Penn Engineers Secure Wellcome Leap Contract for Lipid Nanoparticle Research Essential in Delivery of RNA Therapies

by Melissa Pappas

The Very Large Scale Microfluidic Integration (VLSMI) platform, a technology developed by the Penn researchers, contains hundreds of mixing channels for mass-producing mRNA-carrying lipid nanoparticles.

Penn Engineering secured a multi-million-dollar contract with Wellcome Leap under the organization’s $60 million RNA Readiness + Response (R3) program, which is jointly funded with the Coalition for Epidemic Preparedness Innovations (CEPI). Penn Engineers aim to create “on-demand” manufacturing technology that can produce a range of RNA-based vaccines.

The Penn Engineering team features Daeyeon Lee, Evan C Thompson Term Chair for Excellence in Teaching and Professor in Chemical and Biomolecular Engineering, Michael Mitchell, Skirkanich Assistant Professor of Innovation in Bioengineering, David Issadore, Associate Professor in Bioengineering and Electrical and Systems Engineering, and Sagar Yadavali, a former postdoctoral researcher in the Issadore and Lee labs and now the CEO of InfiniFluidics, a spinoff company based on their research. Drew Weissman of the Perelman School of Medicine, whose foundational research directly continued to the development of mRNA-based COVID-19 vaccines, is also a part of this interdisciplinary team.

The success of these COVID-19 vaccines has inspired a fresh perspective and wave of research funding for RNA therapeutics across a wide range of difficult diseases and health issues. These therapeutics now need to be equitably and efficiently distributed, something currently limited by the inefficient mRNA vaccine manufacturing processes which would rapidly translate technologies from the lab to the clinic.

Read more in Penn Engineering Today.

‘RNA worked for COVID-19 vaccines. Could it be used to treat cancer and rare childhood diseases?’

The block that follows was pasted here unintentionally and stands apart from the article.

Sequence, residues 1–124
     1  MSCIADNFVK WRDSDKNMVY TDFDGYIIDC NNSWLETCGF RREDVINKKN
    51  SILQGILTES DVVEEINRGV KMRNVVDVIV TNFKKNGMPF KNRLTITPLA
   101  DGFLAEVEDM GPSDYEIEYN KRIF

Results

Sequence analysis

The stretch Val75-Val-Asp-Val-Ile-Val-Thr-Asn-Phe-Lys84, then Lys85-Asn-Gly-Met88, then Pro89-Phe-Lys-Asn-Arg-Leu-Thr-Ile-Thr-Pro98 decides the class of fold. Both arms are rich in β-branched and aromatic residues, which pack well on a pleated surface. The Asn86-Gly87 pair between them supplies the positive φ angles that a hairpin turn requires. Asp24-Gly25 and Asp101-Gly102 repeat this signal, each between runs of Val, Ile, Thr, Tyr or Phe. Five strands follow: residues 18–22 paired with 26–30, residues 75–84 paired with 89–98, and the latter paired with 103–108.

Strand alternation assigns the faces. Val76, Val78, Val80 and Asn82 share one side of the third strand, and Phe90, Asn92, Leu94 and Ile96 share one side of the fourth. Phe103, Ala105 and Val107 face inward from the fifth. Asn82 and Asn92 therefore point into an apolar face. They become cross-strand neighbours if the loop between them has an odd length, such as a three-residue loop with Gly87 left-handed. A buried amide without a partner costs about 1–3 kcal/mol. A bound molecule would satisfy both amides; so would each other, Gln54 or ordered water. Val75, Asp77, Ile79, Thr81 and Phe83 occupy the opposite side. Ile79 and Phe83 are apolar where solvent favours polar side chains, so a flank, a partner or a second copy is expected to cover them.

William H. Peranteau, Michael J. Mitchell, Margaret Billingsley, Meghana Kashyap, and Rachel Riley (Clockwise from top left)

As COVID-19 vaccines roll out, the concept of using mRNA to fend off viruses has become a part of the public dialogue. However, scientists have been researching how mRNA can be used to in life-saving medical treatments well before the pandemic.

The “m” in “mRNA” is for “messenger.” A single-stranded counterpart to DNA, it translates the genetic code into the production of proteins, the building blocks of life. The Moderna and Pfizer COVID-19 vaccines work by introducing mRNA sequences that act as a set of instructions for the body to produce proteins that mimic parts of the virus itself. This prepares the body’s immune response to recognize the real virus and fight it off.

Because it can spur the production of proteins that the body can’t make on its own, mRNA therapies also have the potential to slow or prevent genetic diseases that develop before birth, such as cystic fibrosis and sickle-cell anemia.

However, because mRNA is a relatively unstable molecule that degrades quickly, it needs to be packaged in a way that maintains its integrity as its delivered to the cells of a developing fetus.

To solve this challenge, Michael J. Mitchell, Skirkanich Assistant Professor of Innovation in the Department of Bioengineering, is researching the use of lipid nanoparticles as packages that transport mRNA into the cell. He and William H. Peranteau, an attending surgeon in the Division of General, Thoracic and Fetal Surgery and the Adzick-McCausland Distinguished Chair in Fetal and Pediatric Surgery at Children’s Hospital of Philadelphia, recently co-authored a “proof-of-concept” paper investigating this technique.